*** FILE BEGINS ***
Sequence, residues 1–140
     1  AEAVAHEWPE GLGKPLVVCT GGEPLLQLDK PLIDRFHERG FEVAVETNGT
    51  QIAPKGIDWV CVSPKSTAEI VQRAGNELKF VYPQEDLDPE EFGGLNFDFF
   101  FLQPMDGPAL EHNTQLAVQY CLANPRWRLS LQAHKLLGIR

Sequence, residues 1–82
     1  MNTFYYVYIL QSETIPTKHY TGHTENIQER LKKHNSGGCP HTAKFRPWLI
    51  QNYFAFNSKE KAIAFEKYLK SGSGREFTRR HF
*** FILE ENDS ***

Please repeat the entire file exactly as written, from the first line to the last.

Sequence, residues 1–140
     1  AEAVAHEWPE GLGKPLVVCT GGEPLLQLDK PLIDRFHERG FEVAVETNGT
    51  QIAPKGIDWV CVSPKSTAEI VQRAGNELKF VYPQEDLDPE EFGGLNFDFF
   101  FLQPMDGPAL EHNTQLAVQY CLANPRWRLS LQAHKLLGIR

Sequence, residues 1–82
     1  MNTFYYVYIL QSETIPTKHY TGHTENIQER LKKHNSGGCP HTAKFRPWLI
    51  QNYFAFNSKE KAIAFEKYLK SGSGREFTRR HF